28.07.2023 by Aileen Sammler

Can Spices Inhibit Colorectal Cancer? – About Curcuma and its Properties

Curcuma – also known as turmeric - is a spice extracted from the rhizome of a plant in the ginger family and used as the food additive E 100. Curcumin, on the other hand, is the spice substance found in turmeric: A natural pigment and responsible for turmeric's yellow color. Curcumin is known for its health-promoting properties and is often used as a dietary supplement and has been the subject of several medical studies. It has anti-inflammatory, antioxidant and possibly even anti-cancer properties:

Colon cancer is one of the most common cancers worldwide. Researchers at the Ludwig-Maximilians-Universität (LMU) Munich have now identified a signaling pathway through which the spice curcumin can inhibit the metastasis of colon cancer cells. “In more than half of all cases, an important protective mechanism of the cell is switched off by mutations... The team headed by Heiko Hermeking, Professor of Experimental and Molecular Pathology at LMU, has now been able to show in cell cultures and in the mouse model that curcumin, as a component of the spice turmeric, can bridge this switched-off protective mechanism.“

Source: Darmkrebs: Kurkuma kann Metastasierung hemmen (vogel.de)

"According to the authors, the results of the study could yield interesting starting points for new therapeutic options that should be pursued in further studies," the official report states.

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Influences on the Quality of Curcumin

Storage of turmeric powder can have decisive influence on its quality. For example, heat and moisture can promote clumping of the powder as well as growth of microorganisms (mildew).

Differential scanning calorimetry contributes to quality assurance here! Learn, what effects unfavorable storage conditions can have on turmeric with the help of the new NETZSCH DSC Caliris® Classic: 

The commercial turmeric powder, measured here, has a Temperatura di transizione vetrosaLa transizione vetrosa è una delle più importanti proprietà chimico-fisiche dei materiali amorfi e semi-cristallini, come, ad esempio, vetri, metalli (amorfi), polimeri, ingredienti farmaceutici e alimentari e definisce l’intervallo di temperatura in cui le proprietà meccaniche die materiali variano da duro e fragile a più morbido, malleabile o gommoso.glass transition temperature (green curve) of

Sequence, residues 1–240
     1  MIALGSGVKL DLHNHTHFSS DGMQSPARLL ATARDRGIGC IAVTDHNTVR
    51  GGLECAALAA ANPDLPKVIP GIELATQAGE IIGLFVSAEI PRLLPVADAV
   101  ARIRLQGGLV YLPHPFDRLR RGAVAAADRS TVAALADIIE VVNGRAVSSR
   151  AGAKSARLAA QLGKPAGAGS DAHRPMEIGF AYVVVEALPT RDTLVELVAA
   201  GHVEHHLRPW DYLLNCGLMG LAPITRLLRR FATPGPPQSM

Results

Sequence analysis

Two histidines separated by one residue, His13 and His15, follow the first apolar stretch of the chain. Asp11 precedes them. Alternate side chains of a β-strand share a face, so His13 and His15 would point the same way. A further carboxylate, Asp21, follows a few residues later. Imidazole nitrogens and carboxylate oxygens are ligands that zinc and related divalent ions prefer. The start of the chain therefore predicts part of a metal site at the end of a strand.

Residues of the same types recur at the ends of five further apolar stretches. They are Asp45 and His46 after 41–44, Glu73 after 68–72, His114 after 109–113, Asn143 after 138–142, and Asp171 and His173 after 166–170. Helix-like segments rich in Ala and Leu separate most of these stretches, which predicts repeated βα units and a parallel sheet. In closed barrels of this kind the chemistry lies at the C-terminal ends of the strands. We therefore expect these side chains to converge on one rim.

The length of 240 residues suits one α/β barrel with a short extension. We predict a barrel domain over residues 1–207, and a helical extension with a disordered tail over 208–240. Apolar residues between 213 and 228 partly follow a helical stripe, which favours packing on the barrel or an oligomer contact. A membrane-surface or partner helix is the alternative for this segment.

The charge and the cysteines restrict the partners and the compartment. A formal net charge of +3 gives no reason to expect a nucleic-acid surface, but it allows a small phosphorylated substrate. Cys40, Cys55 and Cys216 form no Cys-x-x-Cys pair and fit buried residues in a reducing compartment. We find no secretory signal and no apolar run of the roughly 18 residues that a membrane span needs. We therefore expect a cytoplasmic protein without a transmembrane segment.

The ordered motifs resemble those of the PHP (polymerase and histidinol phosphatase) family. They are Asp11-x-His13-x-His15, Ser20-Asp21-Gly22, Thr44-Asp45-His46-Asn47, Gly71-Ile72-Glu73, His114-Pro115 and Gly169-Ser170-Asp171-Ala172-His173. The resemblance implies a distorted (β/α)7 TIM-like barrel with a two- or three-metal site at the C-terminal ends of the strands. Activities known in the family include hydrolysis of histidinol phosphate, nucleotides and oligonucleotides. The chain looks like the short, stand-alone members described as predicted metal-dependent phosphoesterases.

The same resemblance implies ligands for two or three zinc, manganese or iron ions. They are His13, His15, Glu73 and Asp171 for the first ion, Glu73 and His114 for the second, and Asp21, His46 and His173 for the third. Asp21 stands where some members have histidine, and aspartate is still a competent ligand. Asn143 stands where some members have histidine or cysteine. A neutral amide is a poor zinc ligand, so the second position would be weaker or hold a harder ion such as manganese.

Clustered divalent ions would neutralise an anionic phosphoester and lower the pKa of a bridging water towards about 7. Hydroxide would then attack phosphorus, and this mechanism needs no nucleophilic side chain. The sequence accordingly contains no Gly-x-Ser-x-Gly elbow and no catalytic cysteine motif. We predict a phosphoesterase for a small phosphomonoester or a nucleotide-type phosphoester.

-2.1 °C (midpoint), reflecting its amorphous nature. Knowledge of the glass transition temperature (Tg) of a powder is an important quality characteristic.

Above the glass transition temperature, the spice powder may become soft and sticky and the particles may cake together. According to Roos and Karel*, this sticky point is directly related to the glass transition temperature. In most cases, there is a constant temperature difference, e.g. about 20 K for dairy powders. In order to avoid clumping, it is advisable to remain below this temperature during storage and processing (e.g., drying and grinding) of the spice powder.

*Roos, Y. and Karel, M. 1991a, 1991b, 1993

Figure: DSC results for turmeric with different water content; Concavus®  Al crucible, hermetically sealed: heating from -170 to 120 °C at 10 K/min; green curve: powder (10.71 mg, as received); purple curve: dry powder (10.05 mg powder dried for 45 min at 80°C); blue curve: wet powder, 11.03 mg (stored for 20 min at RT at 100% rel. humidity)

In addition, amorphous materials tend to absorb moisture from the environment, which can affect the position of the glass transition temperature. Water acts as a plasticizer and shifts the glass transition temperature to lower values. In the current example, the glass transition moves to -39°C (blue curve) after 20 minutes of storage at 100% humidity. On the other hand, the glass transition can be detected at 83°C (violet curve). This is after the spice has been dried in a drying chamber.


Learn more:

How NETZSCH thermal analysis instruments facilitate research, development and quality control in the pharmaceutical and food industries: Pharma - NETZSCH Analyzing & Testing

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